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Cwrs Cymraeg y Rhosyn Gwyllt, 2008


For the fourth time, Cwrs Cymraeg Cymdeithas Madog was welcomed back to Iowa-home of the wild rose-for our annual week-long Welsh course. Cwrs y Rhosyn Gwyllt, which translates to the Wild Rose Course, brought 47 students and seven tutors to the campus of Simpson College in Indianola, Iowa to learn the Welsh language and enjoy cultural activities, including some after-hours singing in the local "tafarn" (pub).

As always, it was a busy week but packed with hwyl. The first official course activity was dinner on Sunday followed by a welcome reception in Barker Hall lounge. Students, teachers, Board members, and local organizers were able to mingle with one another in a casual, comfortable atmosphere and enjoy a variety of snacks, including Welsh cakes. A sing-along capped off the evening, led by a new face on the Cwrs, Deian Evans-originally from North Wales, he is currently the minister of Dewi Sant Church in Toronto, Canada, and the husband of Board member and frequent Cwrs tutor Annette Evans.

In addition to Deian and Annette, course students were pleased to see Mark Stonelake return as lead tutor, along with fellow tutors from Wales Chris Reynolds and Geraint Wilson Price. Geraint, who is Director of the Gwent Welsh for Adults Centre, was another new face at Cwrs Cymraeg. Rounding out the teaching staff were frequent course tutors Hefina Phillips and Marta Diaz. As always, the tutors provided a very high standard of teaching in their daily Welsh classes as well as encouragement inside and outside of class.

Tutors also offered an array of additional opportunities to learn in the form of afternoon workshops on Welsh-related topics. This year we had a number of wonderful sessions to choose from, including Reading for Beginners, Intermediate/Advanced Reading, Welsh Conversation, Situation of Welsh: 2001 Census, Elements of the Welsh Language, History of Christianity and Cymraeg, Treasure Hunting in Y Drych, and the course newspaper. Treasure Hunting in Y Drych was offered by Lefel 7 student Martha Davies, who works with the Great Plains Welsh Heritage Project and brought samples of interesting items from early issues of the Welsh-American newspaper.

The evenings offered students and tutors alike the opportunity to socialize and practice Welsh in an out-of-class setting. Besides the unofficial gatherings at the pub for a drink and a few songs, there were organized activities each night. Tutor Chris Reynolds led Monday evening's twmpath dawns (folk dancing) again this year, which was a great ice-breaker as well as a good workout. New Cwrs tutor Geraint Wilson Price led the quiz this year, which took place in the banquet room at La Casa Restaurant-whose helpful staff became honorary Cymry for the evening.

Wednesday we were treated to a post-lunch plenary lecture by Berwyn Jones, Ph.D., also a student on the course. Dr. Jones, President of the Great Plains Welsh Heritage Project, gave a talk and slideshow on Welsh Pioneers of the Middle West as well as the valuable work undertaken by the Great Plains Welsh Heritage Project. Afterwards, those who opted for the mid-week field trip got on the bus and were treated to a guided tour of some of the famous covered bridges of nearby Madison County, as well as an optional visit to the John Wayne Birthplace in Winterset and a cookout in scenic Winterset City Park. An intrepid group of course attendees even took a brisk hike to Clark Tower, which overlooks the scenic 100-acre park. Wednesday evening ended with a storytelling session in the Barker Hall lounge from our resident storyteller, Ginny Grove.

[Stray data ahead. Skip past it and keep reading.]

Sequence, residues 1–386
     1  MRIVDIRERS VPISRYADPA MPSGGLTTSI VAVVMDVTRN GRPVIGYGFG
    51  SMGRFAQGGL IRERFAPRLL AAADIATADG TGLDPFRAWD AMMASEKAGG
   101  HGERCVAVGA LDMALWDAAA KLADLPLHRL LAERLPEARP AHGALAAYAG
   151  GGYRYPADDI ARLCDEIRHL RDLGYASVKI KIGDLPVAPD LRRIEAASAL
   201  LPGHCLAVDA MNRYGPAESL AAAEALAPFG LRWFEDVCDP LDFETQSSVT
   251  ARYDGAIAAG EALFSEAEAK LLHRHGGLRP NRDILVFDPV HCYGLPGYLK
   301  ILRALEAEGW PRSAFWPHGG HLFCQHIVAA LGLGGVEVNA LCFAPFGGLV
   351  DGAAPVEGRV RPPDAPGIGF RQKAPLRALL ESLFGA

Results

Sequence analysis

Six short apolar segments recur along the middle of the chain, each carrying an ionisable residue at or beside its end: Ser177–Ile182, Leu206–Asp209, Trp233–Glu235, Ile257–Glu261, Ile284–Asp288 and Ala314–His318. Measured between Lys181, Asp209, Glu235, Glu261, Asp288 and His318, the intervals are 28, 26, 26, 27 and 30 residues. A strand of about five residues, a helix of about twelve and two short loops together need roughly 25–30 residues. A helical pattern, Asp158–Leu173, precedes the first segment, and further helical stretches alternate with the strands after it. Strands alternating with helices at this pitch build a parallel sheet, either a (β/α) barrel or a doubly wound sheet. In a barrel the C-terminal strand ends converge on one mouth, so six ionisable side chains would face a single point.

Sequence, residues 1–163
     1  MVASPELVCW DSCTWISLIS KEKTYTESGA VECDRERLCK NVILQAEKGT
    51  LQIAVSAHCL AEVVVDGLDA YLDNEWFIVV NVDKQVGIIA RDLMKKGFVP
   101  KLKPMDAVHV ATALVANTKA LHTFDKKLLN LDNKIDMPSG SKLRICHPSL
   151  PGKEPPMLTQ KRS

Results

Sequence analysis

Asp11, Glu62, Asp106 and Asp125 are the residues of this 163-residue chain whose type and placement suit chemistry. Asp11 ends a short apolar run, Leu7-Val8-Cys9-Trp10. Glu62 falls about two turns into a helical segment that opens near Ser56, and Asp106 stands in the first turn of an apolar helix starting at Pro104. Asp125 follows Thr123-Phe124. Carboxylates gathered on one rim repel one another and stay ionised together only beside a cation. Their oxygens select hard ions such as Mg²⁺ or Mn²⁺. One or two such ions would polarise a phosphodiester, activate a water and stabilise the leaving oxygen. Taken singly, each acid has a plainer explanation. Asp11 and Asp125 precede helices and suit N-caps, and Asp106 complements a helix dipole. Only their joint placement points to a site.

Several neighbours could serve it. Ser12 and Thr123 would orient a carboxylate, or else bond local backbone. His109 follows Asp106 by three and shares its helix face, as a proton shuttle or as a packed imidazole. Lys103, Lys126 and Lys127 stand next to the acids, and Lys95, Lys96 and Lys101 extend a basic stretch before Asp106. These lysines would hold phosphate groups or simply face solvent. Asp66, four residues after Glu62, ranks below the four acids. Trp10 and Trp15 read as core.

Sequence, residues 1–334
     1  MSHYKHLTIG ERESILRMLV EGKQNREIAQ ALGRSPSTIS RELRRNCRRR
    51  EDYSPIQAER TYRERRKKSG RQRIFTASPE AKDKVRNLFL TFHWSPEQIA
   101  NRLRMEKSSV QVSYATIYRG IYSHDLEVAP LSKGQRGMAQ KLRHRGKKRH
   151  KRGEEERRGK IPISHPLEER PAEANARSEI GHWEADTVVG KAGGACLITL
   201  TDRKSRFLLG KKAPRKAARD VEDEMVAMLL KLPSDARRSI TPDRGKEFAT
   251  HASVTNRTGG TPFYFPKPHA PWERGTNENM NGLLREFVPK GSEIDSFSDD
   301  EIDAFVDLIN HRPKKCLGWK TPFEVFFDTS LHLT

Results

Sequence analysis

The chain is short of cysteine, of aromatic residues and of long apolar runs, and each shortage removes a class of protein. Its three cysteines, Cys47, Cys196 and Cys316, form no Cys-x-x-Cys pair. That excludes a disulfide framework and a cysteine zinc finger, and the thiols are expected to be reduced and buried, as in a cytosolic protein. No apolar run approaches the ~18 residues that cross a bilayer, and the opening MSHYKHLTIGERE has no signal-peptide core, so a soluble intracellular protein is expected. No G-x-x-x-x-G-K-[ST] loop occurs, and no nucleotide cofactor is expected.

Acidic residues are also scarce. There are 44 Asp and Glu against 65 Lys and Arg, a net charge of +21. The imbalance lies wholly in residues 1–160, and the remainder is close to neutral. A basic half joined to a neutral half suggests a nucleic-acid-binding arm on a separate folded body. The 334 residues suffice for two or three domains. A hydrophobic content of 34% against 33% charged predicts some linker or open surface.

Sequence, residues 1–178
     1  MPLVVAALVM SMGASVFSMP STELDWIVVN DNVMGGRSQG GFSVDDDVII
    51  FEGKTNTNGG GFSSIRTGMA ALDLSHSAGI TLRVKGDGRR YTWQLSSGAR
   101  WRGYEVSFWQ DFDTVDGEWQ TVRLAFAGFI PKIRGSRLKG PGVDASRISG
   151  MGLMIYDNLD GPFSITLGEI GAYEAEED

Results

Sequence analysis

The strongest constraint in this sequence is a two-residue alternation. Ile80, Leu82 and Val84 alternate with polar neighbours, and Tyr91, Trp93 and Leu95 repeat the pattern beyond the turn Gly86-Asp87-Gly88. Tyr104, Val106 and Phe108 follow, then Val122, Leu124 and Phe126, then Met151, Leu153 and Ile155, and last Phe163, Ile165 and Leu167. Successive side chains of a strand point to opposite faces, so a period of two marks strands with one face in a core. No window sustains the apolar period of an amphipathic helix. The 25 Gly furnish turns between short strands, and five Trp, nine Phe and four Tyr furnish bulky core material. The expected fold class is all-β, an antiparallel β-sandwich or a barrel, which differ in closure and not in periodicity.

Thursday night a Welsh film, Solomon & Gaenor, was shown in the Carver Hall auditorium, and Friday night was the Cwrs Cymraeg Eisteddfod, honoring the winners of our literary competition. At the CM eisteddfod, course attendees are invited to compete in one of three levels of written Welsh. Prizes for the top three entrants in each category are awarded by the teaching staff, outfitted as the Gorsedd of Bards. The winner of the top-level category is awarded the miniature Eisteddfod chair to take home for the next year. This year, our winner was Ginny Grove of Denver, Colorado. Llongyfarchiadau - congratulations!

The week was capped off by Saturday night's festivities, which included a banquet attended by several members of the local St. David's Society as well as the much-anticipated noson lawen (merry evening). The emcee was lead tutor Mark Stonelake, and there were performances from the course choir and many individual students as well as skits from each class. The final course activity was Sunday morning's nondenominational service, led by Deian Evans and accompanied by the course choir.

During the course week, we also experienced the tremendous warmth and hospitality of small-town, Midwest America. The staff at the nearby café and at La Casa Restaurant; the good-natured waitress at the nearby tafarn, Mojo, who didn't even bat an eye when thirty crazy Welsh burst in upon her quiet Monday evening; or our server "Ioan" at the brand-new pizza restaurant, who actually learned some Welsh while he was taking everybody's beer orders, the last night of the course-perhaps it was no different than other years, but the community hospitality was a treasure of Indianola which coursegoers certainly won't forget.

All in all, it was another successful Cwrs Cymraeg. Many thanks go to the local committee, Ada Mae Lewis and Ruth Hall, for their inexhaustible efforts planning and implementing the wonderful week; and to the hardworking staff of Simpson College. Also, our gratitude goes out to the National Welsh-American Foundation for their generous grant towards our 2008 scholarship awards. We look forward to seeing as many of you as possible at next year's course in Edmonton, Alberta, at the University of Alberta, Augustana Campus, July 19 - 26, 2009.